V BASE was compiled using all available human germline V gene sequences (V, D or J) taken from the literature and from the EMBL/Genbank databases. Currently, 961 sequences from 145 different publications make up the V BASE database. Where sequences from different publications have identical coding regions there is a single V BASE entry. Thus, there are currently 638 different sequences in V BASE. For further details on the compilation of V BASE see below.

V BASE was compiled as follows:

1. Individual sequences were cut down to leave just the V, D or J exon (these include the nucleotides immediately 3' of the last codon in the V exon and immediately 5' of the first codon in the J exon where available, but exclude recombination signals and splice sites). We have also removed any primer sites.

2. There are several examples where the name of the sequence has been truncated (indicated by two dots) due to its length. For example, b9-12,33,35 has been shortened to b9..

3. Sometimes the name of the sequence has been altered if it contains characters prohibited in file names. For example, greek characters are replaced by the words psi, phi etc.

4. Once a germline match has been established, always refer to the original manuscript cited in the reference list for the correct syntax.

5. Where a single sequence has two different names, the least used name is given in round brackets. For example, VKRF(humkv325)

6. Where two sequences published by different groups have the same name, or if the same sequence has later been corrected, the name is suffixed by the first author of the manuscript in which it appears. For example, VH251 Shen and VH251 Sanz

7. In some cases the sequence described in the manuscript (m) is different from the one submitted to the EMBL data libraries (e). Both sequences have been included in V BASE. For example, b28m and b28e

8. Occasionally there is a conflict between the nucleotide and protein sequences, or between the same nucleotide sequence in different tables/figures. Wherever possible we have attempted to resolve these conflicts.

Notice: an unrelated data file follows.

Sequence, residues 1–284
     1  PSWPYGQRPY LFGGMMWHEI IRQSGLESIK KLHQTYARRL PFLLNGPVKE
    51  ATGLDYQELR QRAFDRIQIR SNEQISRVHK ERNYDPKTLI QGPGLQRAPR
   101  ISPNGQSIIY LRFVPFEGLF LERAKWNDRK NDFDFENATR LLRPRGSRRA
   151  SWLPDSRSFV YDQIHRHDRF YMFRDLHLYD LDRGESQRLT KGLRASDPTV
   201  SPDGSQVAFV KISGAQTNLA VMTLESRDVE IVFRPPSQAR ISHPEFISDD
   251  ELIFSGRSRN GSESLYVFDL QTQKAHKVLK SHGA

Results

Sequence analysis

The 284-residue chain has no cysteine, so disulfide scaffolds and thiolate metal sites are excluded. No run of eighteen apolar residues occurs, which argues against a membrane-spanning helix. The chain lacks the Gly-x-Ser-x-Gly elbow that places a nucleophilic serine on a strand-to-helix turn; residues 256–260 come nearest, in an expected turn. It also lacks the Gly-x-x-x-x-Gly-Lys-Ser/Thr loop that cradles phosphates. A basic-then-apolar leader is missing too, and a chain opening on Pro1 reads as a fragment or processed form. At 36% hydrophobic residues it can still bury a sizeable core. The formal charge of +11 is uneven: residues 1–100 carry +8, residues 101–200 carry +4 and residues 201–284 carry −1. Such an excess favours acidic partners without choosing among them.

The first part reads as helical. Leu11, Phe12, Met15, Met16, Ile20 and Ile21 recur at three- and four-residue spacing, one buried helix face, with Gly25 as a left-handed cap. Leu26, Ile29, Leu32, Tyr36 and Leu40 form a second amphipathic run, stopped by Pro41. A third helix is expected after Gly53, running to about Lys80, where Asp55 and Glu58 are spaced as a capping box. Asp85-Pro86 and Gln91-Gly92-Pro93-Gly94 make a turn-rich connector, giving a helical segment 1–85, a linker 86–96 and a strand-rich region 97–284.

9. Where two or more exon sequences are identical on the nucleotide level there is a single entry in V BASE - the V BASE entry being named after the individual sequences separated by a slash. Where there are more than two identical sequences the name of the V BASE entry is truncated (indicated by three dots). In these cases, a list of all the identical sequences can be found in the reference list. For example, the four sequences V79, VIV-4b, VH4.19, VH4-MC4 have identical exon sequences so in the directory the V BASE entry is called V79/VIV-4b...

10. Where 'identical' sequences are of different lengths (due to the presence of partial sequences), the first named corresponds to the sequence provided. Occasionally, the partial sequence is 'identical' to two or more longer sequences (which differ outside the region covered by the shorter sequence). In these cases the partial sequence or sequences may appear more than once. For example, HC16-16/DP-82, VHGL3.5/DP-82 and VHGL3.7/DP-82

11. Where known, the subgroup or family of each VH, VK, VL and D sequence is provided.

12. Where known, the locus or loci to which each VH, VK, VL and D sequence corresponds is given (indicated by a + at the end of the V BASE entry). Where the same sequence corresponds to two or more different loci they are separated by a slash. For VH, 5-a, 4-b, 1-c, 3-d, 1-e, 1-f, 3-g and 3-h correspond to the eight VH loci (from JH-proximal to JH-distal) which have been sequenced but are not precisely located on the map (see maps). If the map location is outside the functional locus the chromosome on which it is located is given. In these cases the sequences do not have a + at the end of the V BASE entry.